18. For such application to succeed, the party applying must prove one or more of the grounds set put in section 76 of the Law of Succession Act which provides as follows:
76 Revocation or annulment of grant
A grant of representation, whether or not confirmed, may at any time be revoked or annulled if the court decides, either on application by any interested party or of its own motion—
(a) that the proceedings to obtain the grant were defective in substance;
(b) that the grant was obtained fraudulently by the making of a false statement or by the concealment from the court of something material to the case;
(c) that the grant was obtained by means of an untrue allegation of a fact essential in point of law to justify the grant notwithstanding that the allegation was made in ignorance or inadvertently;
(d) that the person to whom the grant was made has failed, after due notice and without reasonable cause either—
(i) to apply for confirmation of the grant within one year from the date thereof, or such longer period as the court order or allow; or
(ii) to proceed diligently with the administration of the estate; or
(iii) to produce to the court, within the time prescribed, any such inventory or account of administration as is required by the provisions of paragraphs (e) and (g) of section 83 or has produced any such inventory or account which is false in any material particular; or
(e) that the grant has become useless and inoperative through subsequent circumstances.
19. In this instant case, the Applicants appear to anchor their case on two grounds; that the administrator has failed to proceed diligently with the administration of the estate, and secondly, that the administrator has failed to produce to the court, within the time prescribed, any such inventory or account of administration as is required by the provisions of paragraphs (e) and (g) of section 83 or has produced any such inventory or account which is false in any material particular.
20. The record herein indicates that the deceased was not survived by a spouse, but by four sons and five daughters. All nine children had equal right or entitlement to apply for administration, going by section 66 of the Law of Succession Act. The 1st and 2nd Applicants herein are grandchildren to the deceased.
21. A grandchild only becomes a direct heir to the estate of the grandparent where the parent pre-deceased the grandparent. The grandchildren step into the shoes of their deceased parents and take the parent’s share in the estate of the grandparents as was enunciated in RE Estate of Wahome Njoki Wakagoto (2013) eKLR where it was held: -
“Under Part V, grandchildren have no right to inherit their grandparents who die intestate after 1st July 1981. The argument is that such grandchildren should inherit from their own parents. This means that the grandchildren can only inherit their grandparents’ indirectly through their own parents, the children of the deceased. The children inherit first and thereafter grandchildren inherit from the children. The only time grandchildren inherit directly from their grandparents is when the grandchildren’s own parents are dead. The grandchildren step into the shoes of their parents and take directly the share that ought to have gone to the said parents.”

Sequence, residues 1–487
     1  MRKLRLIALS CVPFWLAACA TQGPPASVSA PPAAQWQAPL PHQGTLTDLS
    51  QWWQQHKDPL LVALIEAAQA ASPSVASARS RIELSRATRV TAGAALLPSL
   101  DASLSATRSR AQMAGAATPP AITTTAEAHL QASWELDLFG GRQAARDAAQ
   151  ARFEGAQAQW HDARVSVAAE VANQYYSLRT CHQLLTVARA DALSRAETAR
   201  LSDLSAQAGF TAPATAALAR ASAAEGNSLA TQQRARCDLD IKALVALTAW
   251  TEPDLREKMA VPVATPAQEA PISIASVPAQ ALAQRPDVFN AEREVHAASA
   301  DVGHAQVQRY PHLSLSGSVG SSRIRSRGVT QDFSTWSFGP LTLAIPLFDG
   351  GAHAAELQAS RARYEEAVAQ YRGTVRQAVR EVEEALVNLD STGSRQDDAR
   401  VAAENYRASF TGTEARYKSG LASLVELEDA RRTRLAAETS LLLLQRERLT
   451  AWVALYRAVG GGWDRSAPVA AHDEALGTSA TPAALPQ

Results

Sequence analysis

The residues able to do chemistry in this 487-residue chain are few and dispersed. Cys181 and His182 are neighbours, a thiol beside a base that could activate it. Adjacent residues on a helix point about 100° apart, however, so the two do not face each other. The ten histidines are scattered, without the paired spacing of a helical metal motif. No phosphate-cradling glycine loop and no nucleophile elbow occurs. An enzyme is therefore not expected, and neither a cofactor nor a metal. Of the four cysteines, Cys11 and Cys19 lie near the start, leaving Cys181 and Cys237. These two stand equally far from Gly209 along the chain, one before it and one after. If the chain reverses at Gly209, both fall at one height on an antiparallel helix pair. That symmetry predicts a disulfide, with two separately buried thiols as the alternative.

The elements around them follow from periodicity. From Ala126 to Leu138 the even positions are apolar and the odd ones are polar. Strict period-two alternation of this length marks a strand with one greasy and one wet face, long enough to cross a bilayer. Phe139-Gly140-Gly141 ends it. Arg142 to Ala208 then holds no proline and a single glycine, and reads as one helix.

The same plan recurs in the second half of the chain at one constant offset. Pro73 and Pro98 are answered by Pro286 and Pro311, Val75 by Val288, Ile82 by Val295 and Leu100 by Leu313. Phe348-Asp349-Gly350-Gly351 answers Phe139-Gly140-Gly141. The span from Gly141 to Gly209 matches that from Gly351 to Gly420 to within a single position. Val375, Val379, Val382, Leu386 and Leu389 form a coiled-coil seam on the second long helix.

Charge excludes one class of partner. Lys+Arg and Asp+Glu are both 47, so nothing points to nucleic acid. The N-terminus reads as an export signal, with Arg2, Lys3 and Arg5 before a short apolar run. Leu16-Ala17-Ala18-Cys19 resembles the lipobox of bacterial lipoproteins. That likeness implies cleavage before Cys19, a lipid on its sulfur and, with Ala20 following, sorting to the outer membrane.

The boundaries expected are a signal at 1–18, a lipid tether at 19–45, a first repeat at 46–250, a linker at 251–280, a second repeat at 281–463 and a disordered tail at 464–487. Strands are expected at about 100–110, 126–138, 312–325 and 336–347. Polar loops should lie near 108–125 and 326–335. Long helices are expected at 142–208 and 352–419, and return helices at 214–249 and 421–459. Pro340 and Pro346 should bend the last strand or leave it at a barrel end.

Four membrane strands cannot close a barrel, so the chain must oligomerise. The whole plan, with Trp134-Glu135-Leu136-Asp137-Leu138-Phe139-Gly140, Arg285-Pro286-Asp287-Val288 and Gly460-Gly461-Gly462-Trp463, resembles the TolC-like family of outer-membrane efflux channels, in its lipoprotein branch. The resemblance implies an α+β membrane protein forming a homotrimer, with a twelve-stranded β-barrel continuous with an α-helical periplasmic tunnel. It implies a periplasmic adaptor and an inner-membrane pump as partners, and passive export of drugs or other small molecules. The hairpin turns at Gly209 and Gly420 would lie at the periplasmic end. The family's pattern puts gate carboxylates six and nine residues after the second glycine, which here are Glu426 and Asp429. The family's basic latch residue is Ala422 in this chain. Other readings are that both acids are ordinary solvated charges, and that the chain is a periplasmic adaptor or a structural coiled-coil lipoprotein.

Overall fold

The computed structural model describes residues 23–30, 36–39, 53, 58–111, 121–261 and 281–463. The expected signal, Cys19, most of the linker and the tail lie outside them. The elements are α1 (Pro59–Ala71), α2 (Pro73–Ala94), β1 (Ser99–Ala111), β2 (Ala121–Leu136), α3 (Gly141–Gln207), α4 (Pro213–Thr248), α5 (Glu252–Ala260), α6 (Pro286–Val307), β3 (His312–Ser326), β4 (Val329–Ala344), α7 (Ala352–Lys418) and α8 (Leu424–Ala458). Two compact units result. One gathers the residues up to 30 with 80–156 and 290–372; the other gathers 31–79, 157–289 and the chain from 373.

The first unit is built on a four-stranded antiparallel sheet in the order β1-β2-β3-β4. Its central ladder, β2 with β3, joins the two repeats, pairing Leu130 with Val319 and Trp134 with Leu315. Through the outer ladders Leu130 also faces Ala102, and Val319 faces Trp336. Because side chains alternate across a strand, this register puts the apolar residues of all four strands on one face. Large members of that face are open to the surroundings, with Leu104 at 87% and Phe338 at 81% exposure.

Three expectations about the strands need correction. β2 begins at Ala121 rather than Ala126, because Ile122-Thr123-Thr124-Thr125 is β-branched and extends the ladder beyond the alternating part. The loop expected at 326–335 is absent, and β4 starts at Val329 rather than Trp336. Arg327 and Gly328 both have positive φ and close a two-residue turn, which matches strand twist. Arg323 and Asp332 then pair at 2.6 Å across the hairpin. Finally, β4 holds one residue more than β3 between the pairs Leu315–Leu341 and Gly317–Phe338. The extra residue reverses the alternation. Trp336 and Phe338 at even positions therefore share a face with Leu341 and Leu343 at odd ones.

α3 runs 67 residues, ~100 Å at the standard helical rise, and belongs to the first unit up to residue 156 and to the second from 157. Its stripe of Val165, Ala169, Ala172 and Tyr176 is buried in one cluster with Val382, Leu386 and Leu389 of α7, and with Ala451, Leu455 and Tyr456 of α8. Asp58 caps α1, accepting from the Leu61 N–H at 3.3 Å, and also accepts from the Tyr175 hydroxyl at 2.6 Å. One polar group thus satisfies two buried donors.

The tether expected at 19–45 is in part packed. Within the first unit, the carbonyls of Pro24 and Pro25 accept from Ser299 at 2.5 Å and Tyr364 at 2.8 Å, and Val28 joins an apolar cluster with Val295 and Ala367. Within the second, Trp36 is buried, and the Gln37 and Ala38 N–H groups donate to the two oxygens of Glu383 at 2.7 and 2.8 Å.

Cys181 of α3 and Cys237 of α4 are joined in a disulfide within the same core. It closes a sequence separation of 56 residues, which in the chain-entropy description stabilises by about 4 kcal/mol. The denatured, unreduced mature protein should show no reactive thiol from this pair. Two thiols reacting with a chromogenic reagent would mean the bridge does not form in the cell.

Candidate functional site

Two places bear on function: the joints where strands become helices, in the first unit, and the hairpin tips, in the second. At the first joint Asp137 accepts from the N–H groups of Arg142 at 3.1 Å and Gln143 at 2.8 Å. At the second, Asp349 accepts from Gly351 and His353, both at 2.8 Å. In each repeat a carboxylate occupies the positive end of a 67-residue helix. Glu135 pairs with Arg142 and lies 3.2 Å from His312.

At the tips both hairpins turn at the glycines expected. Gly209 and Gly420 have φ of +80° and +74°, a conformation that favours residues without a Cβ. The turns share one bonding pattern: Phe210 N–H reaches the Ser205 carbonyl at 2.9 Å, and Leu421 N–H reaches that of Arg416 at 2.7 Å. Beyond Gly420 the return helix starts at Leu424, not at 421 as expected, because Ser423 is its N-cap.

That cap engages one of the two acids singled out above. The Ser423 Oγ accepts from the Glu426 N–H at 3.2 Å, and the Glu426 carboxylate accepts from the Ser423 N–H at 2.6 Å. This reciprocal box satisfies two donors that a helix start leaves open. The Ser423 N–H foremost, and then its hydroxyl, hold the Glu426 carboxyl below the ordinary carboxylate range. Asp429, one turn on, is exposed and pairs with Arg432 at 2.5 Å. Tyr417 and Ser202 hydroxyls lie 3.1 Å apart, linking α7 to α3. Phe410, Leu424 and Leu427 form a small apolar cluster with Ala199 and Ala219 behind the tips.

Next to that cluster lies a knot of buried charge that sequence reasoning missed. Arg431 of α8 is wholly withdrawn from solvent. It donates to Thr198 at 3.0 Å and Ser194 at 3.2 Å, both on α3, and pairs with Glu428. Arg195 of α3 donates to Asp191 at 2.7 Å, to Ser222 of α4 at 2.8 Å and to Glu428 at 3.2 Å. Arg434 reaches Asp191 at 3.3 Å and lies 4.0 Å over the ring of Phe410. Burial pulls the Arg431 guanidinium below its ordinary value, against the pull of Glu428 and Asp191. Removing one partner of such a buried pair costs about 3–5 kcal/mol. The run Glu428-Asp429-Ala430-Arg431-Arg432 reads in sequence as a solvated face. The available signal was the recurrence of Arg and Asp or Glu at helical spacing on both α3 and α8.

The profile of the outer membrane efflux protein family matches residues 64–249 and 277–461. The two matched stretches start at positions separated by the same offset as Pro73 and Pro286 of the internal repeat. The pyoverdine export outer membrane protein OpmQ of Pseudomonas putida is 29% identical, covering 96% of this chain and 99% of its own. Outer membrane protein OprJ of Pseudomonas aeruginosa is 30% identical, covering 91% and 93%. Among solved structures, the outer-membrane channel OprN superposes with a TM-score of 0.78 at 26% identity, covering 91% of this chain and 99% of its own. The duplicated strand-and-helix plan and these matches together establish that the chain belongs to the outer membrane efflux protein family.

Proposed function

22. The evidence on record suggest that the 1st and 2nd Applicants herein brought these proceedings on behalf of their mothers; Teresa Makuro Gechanga and Joyce Wanjiku Munene (who are still alive) and who are the beneficiaries to their father’s estate. The 1st and 2nd Applicants’ interest emanates from the fact that their mothers are beneficiaries to the deceased’s estate, but they are not dependents within the provisions of section 29 of the Law of succession Act as they do not acquire an interest in their grandfather’s estate in the suit property by virtue of their mothers’ share. The record before court indicates that the 1st and 2nd Applicants herein are Attorneys at Law having been given the power of attorney to act on behalf of their mothers. From the foregoing, it is my view that the 1st and 2nd Applicants therefore have locus standi to seek the revocation of grant issued to the administrator herein.
23. The Petitioner has submitted that the deceased was from Agikuyu Community and it thus Agikuyu customary practices about the appointment and removal of administrator or “Muramati” are applicable. The Petitioner has further submitted that a “Muramati” can only be appointed or removed by elders and therefore the Applicants herein cannot undo what they did not make. The Petitioner has further submitted that the Kikuyu culture is patrilineal with a pattern of inheritance that is based on equal distribution of a man’s property among his sons with a proviso that the eldest son may get a slightly larger share.